Pharmacy Technician
• Grandfather Clause
• Defines the roles of ancillary personnel
• Addresses supervision responsibilities of a
• Regulations pending Board of Pharmacy
– Legislation provides one year
– Monitor communications and DC Register for
Proposed Regulations
Prescription Drug Monitoring Program
• Tool for practitioners to review prior to
writing controlled substance prescription
• Legislation introduced in 2012
• Hearing held in July 2013
• Expected passage by end of 2013
Findings on Inspection
• Failure to document administration and/or
wasting of CSII substances
• Failure to obtain drugs from an approved
• Failure to conduct CSII audit as indicated
• Medication Administration Records (MARs) not
consistently reflecting current date and time
• Physician signature log missing DC Controlled
Substance and DEA numbers and respective
expiration dates
• preparation, mixing, assembling,
packaging, or labeling of a drug or device
• result of a practitioner’s prescription drug
order or for the purpose of, or as an
incident to, research, teaching, or chemical
analysis and not for sale or dispensing
• in anticipation of prescription drug orders
based on routine, regularly observed
prescribing patterns
• prepare, produce, propagate, compound,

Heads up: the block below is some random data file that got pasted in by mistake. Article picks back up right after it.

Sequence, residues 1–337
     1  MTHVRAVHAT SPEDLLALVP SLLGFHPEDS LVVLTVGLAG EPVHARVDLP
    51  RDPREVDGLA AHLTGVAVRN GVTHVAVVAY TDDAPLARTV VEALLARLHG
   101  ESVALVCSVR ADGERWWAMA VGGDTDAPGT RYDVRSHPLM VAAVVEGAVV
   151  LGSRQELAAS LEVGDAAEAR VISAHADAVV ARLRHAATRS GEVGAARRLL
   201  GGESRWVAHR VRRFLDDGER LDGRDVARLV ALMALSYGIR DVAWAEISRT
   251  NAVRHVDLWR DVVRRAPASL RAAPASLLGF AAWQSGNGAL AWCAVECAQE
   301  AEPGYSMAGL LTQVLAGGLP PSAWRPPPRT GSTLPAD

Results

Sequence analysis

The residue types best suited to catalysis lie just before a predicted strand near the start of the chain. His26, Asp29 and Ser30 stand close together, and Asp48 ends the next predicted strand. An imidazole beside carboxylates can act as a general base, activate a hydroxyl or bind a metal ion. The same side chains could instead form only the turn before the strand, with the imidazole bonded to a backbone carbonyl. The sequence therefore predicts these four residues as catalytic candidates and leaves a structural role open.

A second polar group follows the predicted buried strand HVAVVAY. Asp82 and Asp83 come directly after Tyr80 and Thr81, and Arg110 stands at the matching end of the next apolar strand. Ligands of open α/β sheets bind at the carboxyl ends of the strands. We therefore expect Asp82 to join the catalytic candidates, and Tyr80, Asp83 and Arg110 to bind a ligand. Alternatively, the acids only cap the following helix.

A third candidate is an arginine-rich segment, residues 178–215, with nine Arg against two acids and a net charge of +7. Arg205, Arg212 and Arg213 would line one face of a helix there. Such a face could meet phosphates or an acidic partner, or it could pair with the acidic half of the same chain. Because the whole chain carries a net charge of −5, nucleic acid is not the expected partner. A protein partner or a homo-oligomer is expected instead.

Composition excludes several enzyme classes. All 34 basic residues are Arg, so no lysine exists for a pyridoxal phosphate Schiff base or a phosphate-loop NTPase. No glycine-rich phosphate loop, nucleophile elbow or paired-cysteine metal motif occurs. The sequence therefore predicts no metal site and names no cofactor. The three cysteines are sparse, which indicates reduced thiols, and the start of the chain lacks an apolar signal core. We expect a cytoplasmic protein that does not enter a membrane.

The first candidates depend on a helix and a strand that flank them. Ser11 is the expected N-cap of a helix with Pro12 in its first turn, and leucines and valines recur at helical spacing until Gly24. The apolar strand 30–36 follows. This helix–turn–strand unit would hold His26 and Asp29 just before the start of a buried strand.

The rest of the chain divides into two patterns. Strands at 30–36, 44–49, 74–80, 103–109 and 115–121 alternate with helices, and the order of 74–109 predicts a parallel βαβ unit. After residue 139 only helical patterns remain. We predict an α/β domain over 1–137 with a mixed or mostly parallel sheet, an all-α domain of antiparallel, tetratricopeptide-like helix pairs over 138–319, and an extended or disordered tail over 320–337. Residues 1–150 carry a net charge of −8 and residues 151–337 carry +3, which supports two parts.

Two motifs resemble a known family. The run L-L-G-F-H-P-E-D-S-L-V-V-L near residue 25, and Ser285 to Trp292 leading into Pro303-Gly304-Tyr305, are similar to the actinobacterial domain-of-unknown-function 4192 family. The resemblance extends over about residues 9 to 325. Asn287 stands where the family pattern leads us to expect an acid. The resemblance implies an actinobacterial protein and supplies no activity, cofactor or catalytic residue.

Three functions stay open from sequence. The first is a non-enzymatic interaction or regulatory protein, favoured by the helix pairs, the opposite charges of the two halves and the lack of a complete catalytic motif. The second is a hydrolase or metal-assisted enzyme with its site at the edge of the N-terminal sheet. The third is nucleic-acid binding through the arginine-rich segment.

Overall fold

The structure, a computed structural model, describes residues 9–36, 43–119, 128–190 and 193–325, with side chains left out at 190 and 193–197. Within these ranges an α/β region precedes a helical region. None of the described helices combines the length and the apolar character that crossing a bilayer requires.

convert, process, or package a drug,
either directly or indirectly, by extraction
from a substance of natural origin, or
independently by means of chemical
• any packaging or repackaging of the
substance or drug; labeling or relabeling of
any drug package or container to further
distribution from the original place of
manufacture to the person who makes
final delivery, distribution, or sale to the
ultimate consumer or user
Prescription Drug Marketing
• manufacturers and labelers of prescription
drugs who engage in marketing in District
report their costs for pharmaceutical drug
marketing in the District
• 2011 report $83.7M (158 companies)
• Impact Reports
– Antipsychotic Use in Children (2012)
– Antipsychotic Use in the Elderly (2013)
• Clarification of Student Intern
• Prescription Drug Monitoring Program
• Manufacturer/Distributor Regulations
• Compounding Regulations
Board of Pharmacy Meeting
First Thursday of every month
899 North Capitol Street, NE
2nd Floor Conference Room
Open to the Public
Health Regulation and Licensing Administration
Board of Pharmacy and Pharmaceutical Control
899 North Capitol Street, NE
2nd Floor
Washington DC 20002
Phone Number:
[email protected]